It’s solstice. My dinner plan was delayed, so food will be up after sunset, like 10:30 or so, in the bleak just-summer.
This gig, doing print layout, is totally fun. I spent years doing this stuff, beginning literally before the advent of desktop publishing when the Mac first came out in 1984. I was somewhat unsure if I would be at sea or what but given my even-longer-term familiarity with Adobe’s tools, this gig is somewhat like falling off a log. I’m even working at home, on my own gear – a lesson learned from Steve M., who emphasized that smallholder skilled workers could, in fact, control the means of production. I’ve never lacked a computer at home since that conversation.
The upgrade-go-round fiasco seems to have mostly ended, one laptop to the bad. I suppose I will source a mobo on eBay and revive the thing as I did with the MPT I killed last year.
I suppose I should excavate stuff of FB from the past six months as I did last post flurry.
More than two months ago, my buddy Tod asked me to do a couple weeks of work with him at his warehouse. A full eight weeks later, I am about to start another month’s work on an InDesign project for the same employer, which should be fun. I developed pre-release samples as a contractor for a launch release of InDesign, probably around 2002.
In prepping my production environment for this I decided it made sense to finally spring for a 1tb SSD to pop into my main axe, a late-2008 unibody MBP (the last model with the HD and battery access door, ordered refurb from Apple in April 2009).
Long story short, I ordered and installed not one but two 1TB SSDs and neither were compatible. The first one is actually definitively described as incompatible with the specific model Mac by the manufacturer. The second was confirmed as compatible by the manufacturer before I purchased it, but after a successful clean install and data migration, the machine crashed out and rebooted into the recovery partition. I performed a recovery and went to reboot – but the device was (and remains) unresponsive. Presumably it is the motherboard. I guess seven years is reasonable use, but I’m still a little cheesed off about it – I certainly was not planning on replacing or upgrading for another five years or so.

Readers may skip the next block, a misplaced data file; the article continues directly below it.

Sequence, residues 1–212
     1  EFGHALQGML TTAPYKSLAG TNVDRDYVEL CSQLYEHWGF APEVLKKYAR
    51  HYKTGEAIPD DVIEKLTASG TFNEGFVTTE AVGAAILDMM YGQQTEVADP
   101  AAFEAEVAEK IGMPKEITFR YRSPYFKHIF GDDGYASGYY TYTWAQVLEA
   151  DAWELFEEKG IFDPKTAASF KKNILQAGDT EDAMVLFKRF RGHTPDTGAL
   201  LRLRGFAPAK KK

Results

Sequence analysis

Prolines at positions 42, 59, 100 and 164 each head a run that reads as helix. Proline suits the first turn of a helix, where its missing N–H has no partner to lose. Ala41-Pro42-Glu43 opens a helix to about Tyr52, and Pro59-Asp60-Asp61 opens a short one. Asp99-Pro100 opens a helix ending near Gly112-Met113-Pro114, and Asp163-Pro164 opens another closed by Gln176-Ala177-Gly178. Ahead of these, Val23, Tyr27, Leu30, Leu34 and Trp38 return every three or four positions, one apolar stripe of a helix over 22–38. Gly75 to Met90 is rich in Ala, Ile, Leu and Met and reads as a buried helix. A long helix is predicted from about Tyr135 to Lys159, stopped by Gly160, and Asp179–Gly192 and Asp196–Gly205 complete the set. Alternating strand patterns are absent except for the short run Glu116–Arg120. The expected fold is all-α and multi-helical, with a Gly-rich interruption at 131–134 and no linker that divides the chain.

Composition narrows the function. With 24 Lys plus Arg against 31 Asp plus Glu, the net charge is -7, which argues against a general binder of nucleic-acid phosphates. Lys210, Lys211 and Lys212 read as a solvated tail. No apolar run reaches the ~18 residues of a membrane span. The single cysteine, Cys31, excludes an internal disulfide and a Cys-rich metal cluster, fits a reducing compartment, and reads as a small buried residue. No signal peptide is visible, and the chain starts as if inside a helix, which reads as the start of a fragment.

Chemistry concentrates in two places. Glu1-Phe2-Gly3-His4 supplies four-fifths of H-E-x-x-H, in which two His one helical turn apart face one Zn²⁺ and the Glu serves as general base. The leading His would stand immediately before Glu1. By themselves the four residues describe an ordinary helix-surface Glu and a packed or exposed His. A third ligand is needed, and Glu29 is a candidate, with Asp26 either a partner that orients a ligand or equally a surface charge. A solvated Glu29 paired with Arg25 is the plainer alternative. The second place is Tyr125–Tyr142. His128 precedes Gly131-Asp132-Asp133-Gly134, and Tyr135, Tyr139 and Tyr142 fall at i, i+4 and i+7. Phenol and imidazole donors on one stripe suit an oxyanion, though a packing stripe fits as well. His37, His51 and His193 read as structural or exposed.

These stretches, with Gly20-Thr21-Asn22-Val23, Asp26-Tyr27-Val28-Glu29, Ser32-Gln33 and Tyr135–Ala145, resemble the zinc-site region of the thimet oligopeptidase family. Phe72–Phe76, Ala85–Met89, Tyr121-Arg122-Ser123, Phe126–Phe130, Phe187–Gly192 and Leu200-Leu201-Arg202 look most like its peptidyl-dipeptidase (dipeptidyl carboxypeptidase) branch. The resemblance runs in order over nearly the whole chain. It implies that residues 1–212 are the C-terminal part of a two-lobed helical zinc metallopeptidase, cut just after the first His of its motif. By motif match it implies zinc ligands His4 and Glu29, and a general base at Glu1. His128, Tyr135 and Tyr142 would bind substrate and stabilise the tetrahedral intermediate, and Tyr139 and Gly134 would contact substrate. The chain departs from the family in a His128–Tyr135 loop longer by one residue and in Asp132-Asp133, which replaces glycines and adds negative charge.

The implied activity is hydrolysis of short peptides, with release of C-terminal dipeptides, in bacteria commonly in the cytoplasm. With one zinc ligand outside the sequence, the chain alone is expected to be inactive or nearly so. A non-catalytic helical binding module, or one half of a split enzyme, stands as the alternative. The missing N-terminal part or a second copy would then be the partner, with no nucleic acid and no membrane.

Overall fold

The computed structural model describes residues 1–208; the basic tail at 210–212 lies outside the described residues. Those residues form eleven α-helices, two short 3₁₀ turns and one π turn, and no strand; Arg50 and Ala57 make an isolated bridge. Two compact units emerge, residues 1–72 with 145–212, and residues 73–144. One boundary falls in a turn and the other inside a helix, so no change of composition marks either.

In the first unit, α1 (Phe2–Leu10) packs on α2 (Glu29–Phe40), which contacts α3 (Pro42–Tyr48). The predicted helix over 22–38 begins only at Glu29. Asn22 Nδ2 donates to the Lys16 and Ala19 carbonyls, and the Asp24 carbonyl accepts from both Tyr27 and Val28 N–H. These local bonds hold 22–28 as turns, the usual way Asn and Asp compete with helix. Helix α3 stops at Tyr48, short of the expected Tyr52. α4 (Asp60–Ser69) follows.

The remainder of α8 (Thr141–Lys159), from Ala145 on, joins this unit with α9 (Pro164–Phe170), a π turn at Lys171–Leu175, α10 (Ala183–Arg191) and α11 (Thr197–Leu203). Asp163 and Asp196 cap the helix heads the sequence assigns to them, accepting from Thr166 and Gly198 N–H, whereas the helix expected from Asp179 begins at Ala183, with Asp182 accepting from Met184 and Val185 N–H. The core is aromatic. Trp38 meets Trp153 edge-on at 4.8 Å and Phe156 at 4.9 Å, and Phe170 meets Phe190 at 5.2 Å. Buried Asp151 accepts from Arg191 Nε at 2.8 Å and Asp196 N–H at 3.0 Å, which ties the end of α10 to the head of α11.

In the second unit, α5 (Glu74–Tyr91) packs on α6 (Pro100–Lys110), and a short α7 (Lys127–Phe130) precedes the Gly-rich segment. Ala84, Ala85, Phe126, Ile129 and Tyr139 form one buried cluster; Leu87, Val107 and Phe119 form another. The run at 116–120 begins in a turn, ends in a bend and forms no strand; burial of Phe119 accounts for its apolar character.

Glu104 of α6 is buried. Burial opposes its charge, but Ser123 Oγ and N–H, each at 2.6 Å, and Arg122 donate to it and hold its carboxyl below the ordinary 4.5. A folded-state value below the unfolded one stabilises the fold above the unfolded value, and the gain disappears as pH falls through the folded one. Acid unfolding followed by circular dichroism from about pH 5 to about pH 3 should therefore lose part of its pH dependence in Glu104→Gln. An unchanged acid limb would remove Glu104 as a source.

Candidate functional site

So I ended up using the Crucial SSD on my other machine, an old Mac Pro 4,1 tower, and it’s a huge improvement. I had actually pre-ordered an OWC Mercury SSD for the dead laptop and had to RMA it. Immediately after learning the ’08 machine was dead I sourced a third-party refurb MPB from ’12 on eBay for about $500 and that’s what I’m writing on now. It could clearly benefit from an SSD swap too, and I see that OWC has just introduced a raft of new SSD options including a 2TB SSD for about $500, so that’s not out of the question. The CPU on the ’12 MPB is definitely beefier than that on the tower, but the difference between HD and SSD makes the tower far faster in use.
Simultaneously, I had decided to update our set of five-year-old iPhone 4 units and the replacement 5 units arrived this week. So between this and that, it’s been two weeks of intensive hardware and software chaos, hopefully resolved now for another five or six years.
Not sure how I feel about iOS 9 – Notifications in particular are a hideous annoyance that is apparently impossible to turn off globally and re-enable; predictably most apps install with Notifications turned on, in order to maximize ad impression opportunities. Annoyingly, apps that get *updated* ALSO have their on-install Notifications prefs reset. Which truly blows.
Anyway, off to remaster an InDesign workflow. Looking forward to it.
Something called this Melvins + with Teri Genderbender cover to mind this morning. It’s never a bad time for this song.
Bill Wyman drops a loving review of the restored You and Your Sister on the New Yorker web site.
Here’s a song from that record performed in 2011.
And here is my four-part rumination on Dale Lawrence’s songwriting originally catalyzed by the release of Wide Awake in 2003.
Part One – Dale and the Gizmos
Part Two – Some personal history
Part Three – Taking a crack at analyzing the songwriting
Part Four – A track-by-track rundown of Wide Awake.
Dale Weighs In – Dale dropped a line after I ran the series with some corrections and annotations.
Who dumped the recycling into the compost bin in the cold winter rain just now and had to dump it out to sort by hand?
That’s right, people! My competence is a thing to behold!
I’m glad I intercepted my first impulse which was to jump into the bin to sort it out without dumping it.
So, here’s a weird thing that has happened in my head over the past few years.
I made contact with my birth family in my mid forties about four years ago. I’m an adoptee who was relinquished at birth. Unlike Worf, the people who raised me are both of my biological species and share my general skin tone.